# Harmonic analysis

**Harmonic analysis** is the branch of mathematics which studies the representation of functions or signals as the superposition of basic waves. It investigates and generalizes the notions of Fourier series and Fourier transforms. The basic waves are called "harmonics", hence the name "harmonic analysis." In the past two centuries, it has become a vast subject with applications in areas as diverse as signal processing, quantum mechanics, and neuroscience.

The classical Fourier transform on **R ^{n}** is still an area of ongoing research, particularly concerning Fourier transformation on more general objects such as tempered distributions. For instance, if we impose some requirements on a distribution f, we can attempt to translate these requirements in terms of the Fourier transform of f. The Paley-Wiener theorem is an example of this. The Paley-Wiener theorem immediately implies that if f is a nonzero distribution of compact support (these include functions of compact support), then its Fourier transform is never compactly supported. This is a very elementary form of an uncertainty principle in a harmonic analysis setting. See also classic harmonic analysis.

Fourier series can be conveniently studied in the context of Hilbert spaces, which provides a connection between harmonic analysis and functional analysis.

## Abstract harmonic analysis

One of the more modern branches of harmonic analysis, having its roots in the mid-twentieth century, is analysis on topological groups. The core motivating idea are the various Fourier transforms, which can be generalized to a transform of functions defined on locally compact groups.

The theory for abelian locally compact groups is called Pontryagin duality; it is considered to be in a satisfactory state, as far as explaining the main features of harmonic analysis goes. It is developed in detail on its dedicated page.

Harmonic analysis studies the properties of that duality and Fourier transform; and attempts to extend those features to different settings, for instance to the case of non-abelian Lie groups.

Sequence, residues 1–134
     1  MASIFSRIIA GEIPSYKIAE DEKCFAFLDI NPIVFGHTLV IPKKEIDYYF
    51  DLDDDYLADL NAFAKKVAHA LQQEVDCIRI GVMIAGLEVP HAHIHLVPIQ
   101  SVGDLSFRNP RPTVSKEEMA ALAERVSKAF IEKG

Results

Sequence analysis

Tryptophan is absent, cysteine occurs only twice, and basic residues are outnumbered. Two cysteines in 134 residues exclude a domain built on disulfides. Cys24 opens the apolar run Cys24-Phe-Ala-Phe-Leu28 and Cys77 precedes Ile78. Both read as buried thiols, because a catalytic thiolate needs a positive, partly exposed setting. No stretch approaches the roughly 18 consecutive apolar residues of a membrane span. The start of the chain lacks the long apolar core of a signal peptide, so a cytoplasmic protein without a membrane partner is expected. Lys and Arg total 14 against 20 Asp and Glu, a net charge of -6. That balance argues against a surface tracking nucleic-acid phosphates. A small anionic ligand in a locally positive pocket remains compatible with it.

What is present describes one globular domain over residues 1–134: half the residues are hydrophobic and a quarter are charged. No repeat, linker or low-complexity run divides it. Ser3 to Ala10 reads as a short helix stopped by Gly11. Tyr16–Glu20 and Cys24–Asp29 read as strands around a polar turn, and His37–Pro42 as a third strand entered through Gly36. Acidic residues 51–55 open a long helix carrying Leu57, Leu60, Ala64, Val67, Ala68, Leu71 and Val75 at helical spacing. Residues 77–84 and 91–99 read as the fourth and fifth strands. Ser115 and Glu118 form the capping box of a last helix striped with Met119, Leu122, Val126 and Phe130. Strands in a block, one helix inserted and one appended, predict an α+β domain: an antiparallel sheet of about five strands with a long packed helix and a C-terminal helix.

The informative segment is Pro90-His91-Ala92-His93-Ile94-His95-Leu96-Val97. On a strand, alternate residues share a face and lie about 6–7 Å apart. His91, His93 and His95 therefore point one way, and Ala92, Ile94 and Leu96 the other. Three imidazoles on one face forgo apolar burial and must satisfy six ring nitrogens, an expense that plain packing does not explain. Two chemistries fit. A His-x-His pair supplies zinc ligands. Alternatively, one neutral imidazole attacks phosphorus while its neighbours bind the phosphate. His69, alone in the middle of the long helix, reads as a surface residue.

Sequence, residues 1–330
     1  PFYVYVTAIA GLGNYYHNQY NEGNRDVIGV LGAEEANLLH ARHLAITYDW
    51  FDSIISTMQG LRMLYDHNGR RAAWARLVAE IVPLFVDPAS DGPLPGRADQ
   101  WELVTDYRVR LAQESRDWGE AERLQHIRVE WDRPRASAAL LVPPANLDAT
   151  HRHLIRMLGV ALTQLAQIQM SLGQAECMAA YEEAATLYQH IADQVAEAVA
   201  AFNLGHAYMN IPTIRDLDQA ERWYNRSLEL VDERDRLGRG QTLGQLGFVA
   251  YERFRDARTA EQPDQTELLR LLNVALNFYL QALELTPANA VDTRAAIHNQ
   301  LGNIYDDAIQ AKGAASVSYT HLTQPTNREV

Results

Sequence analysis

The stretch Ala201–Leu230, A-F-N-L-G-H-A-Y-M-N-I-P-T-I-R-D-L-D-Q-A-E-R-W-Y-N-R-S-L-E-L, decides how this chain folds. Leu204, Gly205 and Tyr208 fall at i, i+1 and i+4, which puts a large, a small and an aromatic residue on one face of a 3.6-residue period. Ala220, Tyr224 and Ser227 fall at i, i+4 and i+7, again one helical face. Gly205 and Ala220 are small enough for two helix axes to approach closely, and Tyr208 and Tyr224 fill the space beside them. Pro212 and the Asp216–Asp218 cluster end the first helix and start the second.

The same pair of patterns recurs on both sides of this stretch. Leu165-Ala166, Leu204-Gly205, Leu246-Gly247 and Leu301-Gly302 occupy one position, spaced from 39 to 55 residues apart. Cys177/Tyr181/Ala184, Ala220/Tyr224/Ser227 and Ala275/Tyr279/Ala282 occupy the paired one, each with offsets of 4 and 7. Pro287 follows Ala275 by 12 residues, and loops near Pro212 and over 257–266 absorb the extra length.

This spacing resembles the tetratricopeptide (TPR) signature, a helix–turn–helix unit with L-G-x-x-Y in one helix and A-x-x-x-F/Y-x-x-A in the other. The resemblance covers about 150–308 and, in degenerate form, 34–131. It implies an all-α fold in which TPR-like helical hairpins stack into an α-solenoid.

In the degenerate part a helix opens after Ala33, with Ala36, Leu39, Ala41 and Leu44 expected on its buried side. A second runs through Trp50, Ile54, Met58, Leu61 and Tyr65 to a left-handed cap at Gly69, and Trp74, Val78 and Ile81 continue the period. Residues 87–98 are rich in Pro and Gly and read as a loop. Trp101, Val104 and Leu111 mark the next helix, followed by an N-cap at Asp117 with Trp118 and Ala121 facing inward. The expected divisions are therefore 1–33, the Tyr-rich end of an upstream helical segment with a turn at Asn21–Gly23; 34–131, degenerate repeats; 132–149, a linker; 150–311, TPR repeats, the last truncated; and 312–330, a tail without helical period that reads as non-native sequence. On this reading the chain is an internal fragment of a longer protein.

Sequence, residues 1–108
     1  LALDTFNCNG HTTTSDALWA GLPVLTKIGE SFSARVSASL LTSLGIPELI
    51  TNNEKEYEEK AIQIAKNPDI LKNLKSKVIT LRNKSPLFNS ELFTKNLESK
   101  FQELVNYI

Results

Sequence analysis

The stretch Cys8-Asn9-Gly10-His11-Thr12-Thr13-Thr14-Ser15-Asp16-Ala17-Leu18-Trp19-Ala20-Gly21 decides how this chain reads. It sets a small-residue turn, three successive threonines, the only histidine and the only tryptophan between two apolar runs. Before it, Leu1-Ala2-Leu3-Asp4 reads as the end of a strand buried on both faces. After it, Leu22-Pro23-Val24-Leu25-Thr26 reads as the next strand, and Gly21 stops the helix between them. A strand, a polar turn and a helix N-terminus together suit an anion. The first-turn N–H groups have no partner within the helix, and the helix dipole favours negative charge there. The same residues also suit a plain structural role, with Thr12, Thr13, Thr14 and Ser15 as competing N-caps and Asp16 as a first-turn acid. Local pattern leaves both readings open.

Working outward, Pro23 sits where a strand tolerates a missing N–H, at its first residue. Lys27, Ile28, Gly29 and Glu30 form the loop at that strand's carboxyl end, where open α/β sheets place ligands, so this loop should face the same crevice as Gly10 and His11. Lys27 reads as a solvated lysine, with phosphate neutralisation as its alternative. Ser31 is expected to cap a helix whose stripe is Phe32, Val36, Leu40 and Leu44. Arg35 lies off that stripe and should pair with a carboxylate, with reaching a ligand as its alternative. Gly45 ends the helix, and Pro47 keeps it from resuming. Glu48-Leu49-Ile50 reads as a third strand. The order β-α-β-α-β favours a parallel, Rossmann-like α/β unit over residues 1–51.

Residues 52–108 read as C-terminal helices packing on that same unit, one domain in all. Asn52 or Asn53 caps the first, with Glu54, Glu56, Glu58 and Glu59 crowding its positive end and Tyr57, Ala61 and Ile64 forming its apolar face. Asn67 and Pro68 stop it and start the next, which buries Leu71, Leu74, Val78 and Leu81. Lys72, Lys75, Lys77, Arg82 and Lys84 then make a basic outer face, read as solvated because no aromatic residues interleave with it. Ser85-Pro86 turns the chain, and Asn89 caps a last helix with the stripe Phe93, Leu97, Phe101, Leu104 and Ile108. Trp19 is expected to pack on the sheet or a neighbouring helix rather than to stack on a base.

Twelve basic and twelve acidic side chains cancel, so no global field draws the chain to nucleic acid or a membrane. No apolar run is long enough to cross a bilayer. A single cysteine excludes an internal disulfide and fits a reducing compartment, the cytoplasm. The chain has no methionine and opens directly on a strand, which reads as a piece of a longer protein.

For general nonabelian locally compact groups, harmonic analysis is closely related to the theory of unitary group representations. For compact groups, the Peter-Weyl theorem explains how one may get harmonics by choosing one irreducible representation out of each equivalence class of representations. This choice of harmonics enjoys some of the useful properties of the classical Fourier transform in terms of carrying convolutions to pointwise products, or otherwise showing a certain understanding of the underlying group structure.

If the group is neither abelian nor compact, no general satisfactory theory is currently known. By "satisfactory" one would mean *at least* the equivalent of Plancherel theorem. However, many specific cases have been analyzed, for example SL_{n}. In this case, it turns out that representations in infinite dimension play a crucial role.

## Other branches

- Study of the eigenvalues and eigenvectors of the Laplacian on domains, manifolds and (to a lesser extent), graphs, is also considered a branch of harmonic analysis. See e.g., hearing the shape of a drum.
- Harmonic analysis on Euclidean spaces deals with properties of the Fourier transform on
**R**^{n}which have no analog on general groups. For example, the fact that the Fourier transform is invariant to rotations. Decomposing the Fourier transform to its radial and spherical components leads to topics such as Bessel functions and spherical harmonics. See the book reference - Harmonic analysis on tube domains is concerned with generalizing properties of Hardy spaces to higher dimensions.

## References

Elias M. Stein and Guido Weiss, *Introduction to Fourier Analysis on Euclidean Spaces*, Princeton University Press, 1971. ISBN 069108078X

Yitzhak Katznelson, *An introduction to harmonic analysis*, Third edition. Cambridge University Press, 2004. ISBN 0-521-83829-0; 0-521-54359-2

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